Alaska is teeming with exciting and diverse wildlife. The state is home to the largest land-dwelling carnivorous mammal, the brown bear, and even a city like Anchorage can have traffic problems caused by moose. More than 430 species of birds call Alaska home, including the bald eagle, and the coastal waters are filled with whales, otters and seals. White fur-bearing animals can be found there, too, with coats designed for camouflage in the snowy environment.
Polar bears are probably the most famous white-haired creature indigenous to Alaska. These massive bears grow up to 10 feet long and can weigh up to 1,700 pounds. Their white fur hides them in the snow as they hunt seals and other prey, and it's thick to provide plenty of warmth in the frigid temperatures. Despite their bulk, polar bears are adept and efficient swimmers, and they're technically classified not as land mammals, but as marine mammals.
Sheep and Goat
The Dall sheep and the mountain goat living in Alaska both feature white coats. Both dwell in high altitudes in the mountainous areas of the state, making them relatively rare sites. Male Dall sheep have thick, curved, brown rams' horns, while mountain goats grow short, straight black horns and shaggier coats than the sheep.
The Alaska hare, also known as the tundra hare, has an all-white coat with black-tipped ears during the winter to help it hide from predators. The coat turns white for the snowy season, but other times during the year, its hair is dusty brown with gray highlights and a white underbelly. Snowshoe hares are indigenous to Alaska. They're smaller than Alaska hares and have mostly grayish brown to yellowish fur with white underparts.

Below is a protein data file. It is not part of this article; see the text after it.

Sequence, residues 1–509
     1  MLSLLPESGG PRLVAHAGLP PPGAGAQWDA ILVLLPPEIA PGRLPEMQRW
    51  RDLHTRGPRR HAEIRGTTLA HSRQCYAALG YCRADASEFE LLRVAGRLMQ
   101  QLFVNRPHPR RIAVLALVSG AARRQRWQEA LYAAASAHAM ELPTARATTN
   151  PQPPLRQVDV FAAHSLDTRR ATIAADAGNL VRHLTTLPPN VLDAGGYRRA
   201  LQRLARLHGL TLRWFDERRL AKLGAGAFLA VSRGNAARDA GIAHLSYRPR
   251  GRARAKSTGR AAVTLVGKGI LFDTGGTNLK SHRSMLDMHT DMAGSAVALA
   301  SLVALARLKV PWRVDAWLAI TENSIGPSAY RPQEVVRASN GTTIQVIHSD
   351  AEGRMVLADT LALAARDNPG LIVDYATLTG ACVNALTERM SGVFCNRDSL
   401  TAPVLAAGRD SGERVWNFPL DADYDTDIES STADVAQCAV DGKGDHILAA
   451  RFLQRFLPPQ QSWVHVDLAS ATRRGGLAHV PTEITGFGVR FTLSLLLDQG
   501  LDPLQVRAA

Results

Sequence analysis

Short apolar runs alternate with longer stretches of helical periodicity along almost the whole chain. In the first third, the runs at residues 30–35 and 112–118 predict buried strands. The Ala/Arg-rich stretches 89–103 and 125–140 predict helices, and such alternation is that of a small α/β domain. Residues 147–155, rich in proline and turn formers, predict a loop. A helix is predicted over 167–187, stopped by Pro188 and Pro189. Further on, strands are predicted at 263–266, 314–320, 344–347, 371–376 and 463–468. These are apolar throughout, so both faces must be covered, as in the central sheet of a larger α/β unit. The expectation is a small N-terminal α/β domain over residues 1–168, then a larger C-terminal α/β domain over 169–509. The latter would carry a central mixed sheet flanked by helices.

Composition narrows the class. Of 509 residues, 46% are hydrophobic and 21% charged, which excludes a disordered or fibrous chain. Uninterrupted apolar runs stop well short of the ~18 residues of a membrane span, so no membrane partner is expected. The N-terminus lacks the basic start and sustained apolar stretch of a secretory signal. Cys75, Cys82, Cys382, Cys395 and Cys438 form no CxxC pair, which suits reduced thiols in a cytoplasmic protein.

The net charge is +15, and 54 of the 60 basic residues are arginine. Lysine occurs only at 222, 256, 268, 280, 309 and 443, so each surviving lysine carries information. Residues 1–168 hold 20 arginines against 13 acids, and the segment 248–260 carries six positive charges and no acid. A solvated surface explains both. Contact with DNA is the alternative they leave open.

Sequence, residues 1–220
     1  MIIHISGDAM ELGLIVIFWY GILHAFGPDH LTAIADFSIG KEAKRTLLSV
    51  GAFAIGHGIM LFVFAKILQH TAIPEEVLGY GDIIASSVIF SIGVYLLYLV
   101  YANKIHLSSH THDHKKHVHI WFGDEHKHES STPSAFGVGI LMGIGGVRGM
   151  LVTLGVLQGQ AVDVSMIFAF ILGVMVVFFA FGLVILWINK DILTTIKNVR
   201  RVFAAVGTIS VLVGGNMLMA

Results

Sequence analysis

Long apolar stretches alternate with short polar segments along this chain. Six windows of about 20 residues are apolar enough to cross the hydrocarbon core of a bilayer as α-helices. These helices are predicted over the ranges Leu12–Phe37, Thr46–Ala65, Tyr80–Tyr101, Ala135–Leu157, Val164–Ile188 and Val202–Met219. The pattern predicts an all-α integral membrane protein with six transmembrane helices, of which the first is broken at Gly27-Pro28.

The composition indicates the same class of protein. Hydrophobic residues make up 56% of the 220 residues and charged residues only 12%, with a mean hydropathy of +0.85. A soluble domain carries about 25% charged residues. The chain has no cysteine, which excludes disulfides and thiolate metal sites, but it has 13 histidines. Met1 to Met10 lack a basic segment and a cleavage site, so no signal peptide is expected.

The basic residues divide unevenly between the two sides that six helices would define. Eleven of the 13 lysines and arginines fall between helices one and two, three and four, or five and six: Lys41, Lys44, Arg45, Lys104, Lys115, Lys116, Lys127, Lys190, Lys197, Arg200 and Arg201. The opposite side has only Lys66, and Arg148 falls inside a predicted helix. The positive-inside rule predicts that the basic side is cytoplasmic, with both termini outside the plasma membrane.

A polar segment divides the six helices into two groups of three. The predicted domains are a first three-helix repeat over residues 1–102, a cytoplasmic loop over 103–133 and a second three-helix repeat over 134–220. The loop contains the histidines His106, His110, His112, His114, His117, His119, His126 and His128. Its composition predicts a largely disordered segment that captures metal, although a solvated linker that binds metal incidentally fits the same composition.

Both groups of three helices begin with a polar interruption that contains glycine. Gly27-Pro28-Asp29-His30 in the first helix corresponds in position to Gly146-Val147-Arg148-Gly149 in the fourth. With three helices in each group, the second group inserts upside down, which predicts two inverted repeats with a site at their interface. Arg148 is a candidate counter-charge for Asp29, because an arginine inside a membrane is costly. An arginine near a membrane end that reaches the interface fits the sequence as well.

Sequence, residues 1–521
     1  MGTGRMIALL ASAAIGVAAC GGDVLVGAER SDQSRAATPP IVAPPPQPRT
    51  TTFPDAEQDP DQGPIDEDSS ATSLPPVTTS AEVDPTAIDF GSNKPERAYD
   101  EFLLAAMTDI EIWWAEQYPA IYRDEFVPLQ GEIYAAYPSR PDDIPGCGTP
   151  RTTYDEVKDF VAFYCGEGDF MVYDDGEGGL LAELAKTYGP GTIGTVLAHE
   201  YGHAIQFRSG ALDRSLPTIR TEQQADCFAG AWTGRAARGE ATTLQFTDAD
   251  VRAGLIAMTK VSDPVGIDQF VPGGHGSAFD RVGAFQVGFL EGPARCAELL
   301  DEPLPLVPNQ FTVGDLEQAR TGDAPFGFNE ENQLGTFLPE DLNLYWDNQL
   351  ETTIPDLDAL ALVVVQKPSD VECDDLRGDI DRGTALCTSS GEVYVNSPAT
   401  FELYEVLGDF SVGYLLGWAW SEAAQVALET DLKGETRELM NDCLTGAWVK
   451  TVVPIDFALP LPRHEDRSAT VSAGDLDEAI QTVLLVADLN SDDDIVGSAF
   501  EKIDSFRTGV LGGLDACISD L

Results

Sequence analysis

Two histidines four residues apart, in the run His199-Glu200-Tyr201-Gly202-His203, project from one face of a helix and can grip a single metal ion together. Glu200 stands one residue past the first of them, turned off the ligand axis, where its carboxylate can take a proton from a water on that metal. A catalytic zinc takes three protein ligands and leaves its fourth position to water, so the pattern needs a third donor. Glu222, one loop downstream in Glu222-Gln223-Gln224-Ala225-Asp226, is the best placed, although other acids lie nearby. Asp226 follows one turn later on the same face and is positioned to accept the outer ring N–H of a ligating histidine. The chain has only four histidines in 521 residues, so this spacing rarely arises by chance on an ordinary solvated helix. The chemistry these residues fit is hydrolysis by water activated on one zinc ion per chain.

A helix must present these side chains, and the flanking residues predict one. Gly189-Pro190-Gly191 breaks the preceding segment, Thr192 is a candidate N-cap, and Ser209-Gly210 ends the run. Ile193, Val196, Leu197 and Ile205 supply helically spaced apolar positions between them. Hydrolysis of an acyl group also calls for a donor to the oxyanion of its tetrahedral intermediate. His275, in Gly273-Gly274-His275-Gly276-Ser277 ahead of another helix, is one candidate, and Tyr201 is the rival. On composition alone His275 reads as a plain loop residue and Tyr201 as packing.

The Arctic fox is a white-haired predator roaming the Alaskan wilderness. They're fairly small hunters, typically growing to about 43 inches long and around 8 pounds, preying mostly on rodents, small birds and hares. They molt twice annually and their coats do have a blue color phase in addition to the white one. Newborns are born with dark brown fur that quickly lightens as they mature.
Ermines have long been valued by human hunters for their luxurious coats. Alaskan ermines have mostly white fur with darker tails in winter. Like the Alaskan hare, the coat turns white in winter from a reddish-brown hue during other seasons. Seven of 20 subspecies are indigenous to the state. They mostly stick to lightly wooded areas, including meadows, marshes and riverbanks. Ermines are carnivores that rely on small rodents like mice and voles for sustenance, along with the occasional shrew or hare.
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Eric Mohrman has been a freelance writer since 2007, focusing on travel, food and lifestyle stories. His creative writing is also widely published. He lives in Orlando, Florida.